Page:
Tuesday, September 27, 2011

The Rousseau Crow

Boy on the Rocks (1895-7)

Girl with a Doll (1905)

I just read that Boy on the Rocks might be a painting of a dead boy. Somebody may have commissioned Rousseau to paint their dead child. Rousseau painted a tiny man in the flower of early adulthood preparing to flip over these medieval cliffs (the kind that may crag through the wilderness of St. John the Baptist in much older paintings) into eternity, like a fish. Like how Caillebot's zombies (1876-77), strolling in black over gray stones, are really nothing but fish. Rousseau saw them and sent them to heaven in little bodies,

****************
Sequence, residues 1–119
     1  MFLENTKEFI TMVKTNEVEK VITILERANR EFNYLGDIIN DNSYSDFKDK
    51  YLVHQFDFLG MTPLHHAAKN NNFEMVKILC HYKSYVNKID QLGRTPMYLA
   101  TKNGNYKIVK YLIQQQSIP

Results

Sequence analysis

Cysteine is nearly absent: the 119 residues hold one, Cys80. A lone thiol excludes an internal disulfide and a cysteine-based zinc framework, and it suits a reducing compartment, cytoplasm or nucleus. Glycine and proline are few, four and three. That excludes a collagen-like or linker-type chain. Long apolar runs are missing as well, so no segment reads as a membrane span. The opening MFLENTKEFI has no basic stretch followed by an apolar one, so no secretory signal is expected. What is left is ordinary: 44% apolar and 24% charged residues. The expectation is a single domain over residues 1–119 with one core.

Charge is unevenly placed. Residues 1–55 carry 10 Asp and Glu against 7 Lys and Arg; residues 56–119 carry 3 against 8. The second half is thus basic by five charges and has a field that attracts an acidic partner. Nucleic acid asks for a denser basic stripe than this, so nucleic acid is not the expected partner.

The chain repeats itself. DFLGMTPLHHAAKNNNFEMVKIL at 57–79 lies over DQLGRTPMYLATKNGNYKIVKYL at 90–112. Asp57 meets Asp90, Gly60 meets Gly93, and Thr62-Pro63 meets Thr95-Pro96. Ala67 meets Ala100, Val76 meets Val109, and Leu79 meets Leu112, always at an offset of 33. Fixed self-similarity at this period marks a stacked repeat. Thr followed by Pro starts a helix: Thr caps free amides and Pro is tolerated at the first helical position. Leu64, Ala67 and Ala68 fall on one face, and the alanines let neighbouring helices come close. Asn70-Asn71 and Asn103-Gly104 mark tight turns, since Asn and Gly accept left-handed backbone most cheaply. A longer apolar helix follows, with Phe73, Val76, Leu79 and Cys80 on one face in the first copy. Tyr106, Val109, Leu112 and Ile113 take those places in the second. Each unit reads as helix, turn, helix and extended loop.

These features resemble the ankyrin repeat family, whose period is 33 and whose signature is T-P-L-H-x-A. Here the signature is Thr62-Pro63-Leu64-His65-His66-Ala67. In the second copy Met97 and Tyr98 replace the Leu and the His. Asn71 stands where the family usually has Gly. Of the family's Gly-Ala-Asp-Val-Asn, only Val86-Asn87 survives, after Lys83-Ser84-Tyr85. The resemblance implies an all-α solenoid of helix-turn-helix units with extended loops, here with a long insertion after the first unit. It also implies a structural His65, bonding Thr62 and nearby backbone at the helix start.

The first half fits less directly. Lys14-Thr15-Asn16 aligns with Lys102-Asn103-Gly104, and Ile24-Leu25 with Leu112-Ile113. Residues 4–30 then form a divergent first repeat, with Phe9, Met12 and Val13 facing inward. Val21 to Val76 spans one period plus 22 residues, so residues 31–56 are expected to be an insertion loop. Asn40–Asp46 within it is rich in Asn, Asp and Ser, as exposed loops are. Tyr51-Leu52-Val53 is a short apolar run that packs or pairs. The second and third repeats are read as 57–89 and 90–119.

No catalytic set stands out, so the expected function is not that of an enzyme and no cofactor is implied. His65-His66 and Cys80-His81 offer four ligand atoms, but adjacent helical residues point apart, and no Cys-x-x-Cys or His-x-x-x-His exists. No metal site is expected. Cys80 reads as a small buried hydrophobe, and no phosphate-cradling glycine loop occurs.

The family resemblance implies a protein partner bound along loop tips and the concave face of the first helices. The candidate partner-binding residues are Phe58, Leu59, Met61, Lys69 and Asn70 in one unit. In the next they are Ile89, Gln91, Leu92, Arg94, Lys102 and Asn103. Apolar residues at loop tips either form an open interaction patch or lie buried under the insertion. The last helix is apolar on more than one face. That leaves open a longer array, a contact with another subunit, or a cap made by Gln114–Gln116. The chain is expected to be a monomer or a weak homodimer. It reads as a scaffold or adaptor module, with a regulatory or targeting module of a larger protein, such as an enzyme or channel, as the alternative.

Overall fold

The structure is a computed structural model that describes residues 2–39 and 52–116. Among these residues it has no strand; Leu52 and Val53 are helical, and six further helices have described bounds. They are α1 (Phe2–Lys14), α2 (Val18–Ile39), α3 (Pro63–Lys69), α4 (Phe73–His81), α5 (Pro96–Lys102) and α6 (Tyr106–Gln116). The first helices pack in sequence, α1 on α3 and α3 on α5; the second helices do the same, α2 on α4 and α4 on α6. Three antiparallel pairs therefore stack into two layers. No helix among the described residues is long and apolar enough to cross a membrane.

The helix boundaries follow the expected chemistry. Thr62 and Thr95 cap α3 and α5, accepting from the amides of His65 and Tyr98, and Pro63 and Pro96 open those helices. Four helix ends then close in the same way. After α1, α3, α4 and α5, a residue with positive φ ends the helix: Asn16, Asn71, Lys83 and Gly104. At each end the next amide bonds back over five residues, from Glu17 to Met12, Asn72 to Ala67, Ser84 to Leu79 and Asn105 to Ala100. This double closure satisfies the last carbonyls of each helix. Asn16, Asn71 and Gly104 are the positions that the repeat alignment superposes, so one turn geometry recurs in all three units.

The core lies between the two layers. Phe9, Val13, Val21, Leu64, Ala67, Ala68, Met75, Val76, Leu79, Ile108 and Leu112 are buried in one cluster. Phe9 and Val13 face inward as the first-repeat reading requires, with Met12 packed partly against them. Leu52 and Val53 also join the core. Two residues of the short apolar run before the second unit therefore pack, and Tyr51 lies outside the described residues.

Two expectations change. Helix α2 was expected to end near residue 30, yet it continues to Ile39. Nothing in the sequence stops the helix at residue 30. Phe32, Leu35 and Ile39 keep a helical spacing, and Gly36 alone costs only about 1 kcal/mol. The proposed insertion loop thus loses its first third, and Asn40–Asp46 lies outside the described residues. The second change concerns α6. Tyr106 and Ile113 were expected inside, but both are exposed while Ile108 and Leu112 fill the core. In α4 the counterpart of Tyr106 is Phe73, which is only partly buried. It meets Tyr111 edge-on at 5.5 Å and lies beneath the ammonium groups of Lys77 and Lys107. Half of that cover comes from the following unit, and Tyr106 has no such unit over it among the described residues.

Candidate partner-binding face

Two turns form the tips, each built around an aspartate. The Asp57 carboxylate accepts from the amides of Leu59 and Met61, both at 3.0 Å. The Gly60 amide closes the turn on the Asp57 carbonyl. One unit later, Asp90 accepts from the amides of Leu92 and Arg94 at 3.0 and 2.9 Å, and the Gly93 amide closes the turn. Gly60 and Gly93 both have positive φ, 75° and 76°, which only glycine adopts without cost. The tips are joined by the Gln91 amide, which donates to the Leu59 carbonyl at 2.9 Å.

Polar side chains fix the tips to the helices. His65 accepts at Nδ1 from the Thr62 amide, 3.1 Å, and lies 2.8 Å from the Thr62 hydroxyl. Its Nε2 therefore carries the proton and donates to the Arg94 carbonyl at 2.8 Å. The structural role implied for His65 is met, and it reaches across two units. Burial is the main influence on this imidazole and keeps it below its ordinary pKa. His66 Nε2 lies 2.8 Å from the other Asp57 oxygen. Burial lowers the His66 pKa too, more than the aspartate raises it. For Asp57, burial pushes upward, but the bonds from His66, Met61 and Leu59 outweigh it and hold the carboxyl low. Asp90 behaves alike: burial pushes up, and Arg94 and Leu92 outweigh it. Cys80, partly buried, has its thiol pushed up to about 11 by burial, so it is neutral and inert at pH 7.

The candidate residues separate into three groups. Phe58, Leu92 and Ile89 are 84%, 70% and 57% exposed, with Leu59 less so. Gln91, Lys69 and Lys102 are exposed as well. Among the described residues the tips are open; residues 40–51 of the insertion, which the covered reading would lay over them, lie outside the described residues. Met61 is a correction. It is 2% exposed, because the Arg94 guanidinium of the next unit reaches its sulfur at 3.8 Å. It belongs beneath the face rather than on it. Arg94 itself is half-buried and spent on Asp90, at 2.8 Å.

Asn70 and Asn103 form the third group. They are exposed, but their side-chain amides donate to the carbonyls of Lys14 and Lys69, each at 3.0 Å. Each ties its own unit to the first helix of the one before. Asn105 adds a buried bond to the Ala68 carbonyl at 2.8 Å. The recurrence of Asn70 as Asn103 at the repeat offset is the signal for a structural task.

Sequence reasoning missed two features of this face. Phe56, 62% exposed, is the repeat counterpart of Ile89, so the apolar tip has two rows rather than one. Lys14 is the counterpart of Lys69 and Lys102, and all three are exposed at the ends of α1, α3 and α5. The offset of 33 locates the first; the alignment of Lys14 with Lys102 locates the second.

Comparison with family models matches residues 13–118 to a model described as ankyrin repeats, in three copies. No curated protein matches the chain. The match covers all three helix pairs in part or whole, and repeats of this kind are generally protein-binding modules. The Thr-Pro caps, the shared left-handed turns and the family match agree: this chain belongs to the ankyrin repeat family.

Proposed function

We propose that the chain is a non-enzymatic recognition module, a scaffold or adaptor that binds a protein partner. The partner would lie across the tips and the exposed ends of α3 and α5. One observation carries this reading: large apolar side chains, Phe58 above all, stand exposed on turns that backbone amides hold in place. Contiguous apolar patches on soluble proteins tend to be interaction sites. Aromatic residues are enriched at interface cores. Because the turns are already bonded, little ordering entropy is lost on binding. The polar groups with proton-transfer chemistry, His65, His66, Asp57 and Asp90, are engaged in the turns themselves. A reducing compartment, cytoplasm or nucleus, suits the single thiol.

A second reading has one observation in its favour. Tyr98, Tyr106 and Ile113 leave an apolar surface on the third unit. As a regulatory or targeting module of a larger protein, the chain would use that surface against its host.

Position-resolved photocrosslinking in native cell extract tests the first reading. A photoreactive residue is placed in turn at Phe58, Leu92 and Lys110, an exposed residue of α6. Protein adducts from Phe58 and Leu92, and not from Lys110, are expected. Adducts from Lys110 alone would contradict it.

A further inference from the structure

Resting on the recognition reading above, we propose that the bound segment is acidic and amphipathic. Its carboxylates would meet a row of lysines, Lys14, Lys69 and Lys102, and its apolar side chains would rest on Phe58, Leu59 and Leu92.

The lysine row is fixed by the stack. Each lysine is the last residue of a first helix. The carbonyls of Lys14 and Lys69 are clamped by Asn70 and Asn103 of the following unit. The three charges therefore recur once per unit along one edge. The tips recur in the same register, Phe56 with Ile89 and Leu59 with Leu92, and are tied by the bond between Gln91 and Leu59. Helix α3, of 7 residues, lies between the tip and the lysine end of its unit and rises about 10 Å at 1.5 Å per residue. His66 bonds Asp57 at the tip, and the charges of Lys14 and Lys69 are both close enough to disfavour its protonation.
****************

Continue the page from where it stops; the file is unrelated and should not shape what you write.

which Balthus, that deviant, tried to return right into his mouth (1949):

I'd like to invite another world to the cacophony, for comparison, from the Rococco Jean-Etienne Liotard (1765):

Look at Rousseau's girl. I'm sure you've noticed she has no legs (mermaid, lobster); the grass may be tall and or it is solid, she may be sitting, she may be floating--

but what legless thing is she holding?

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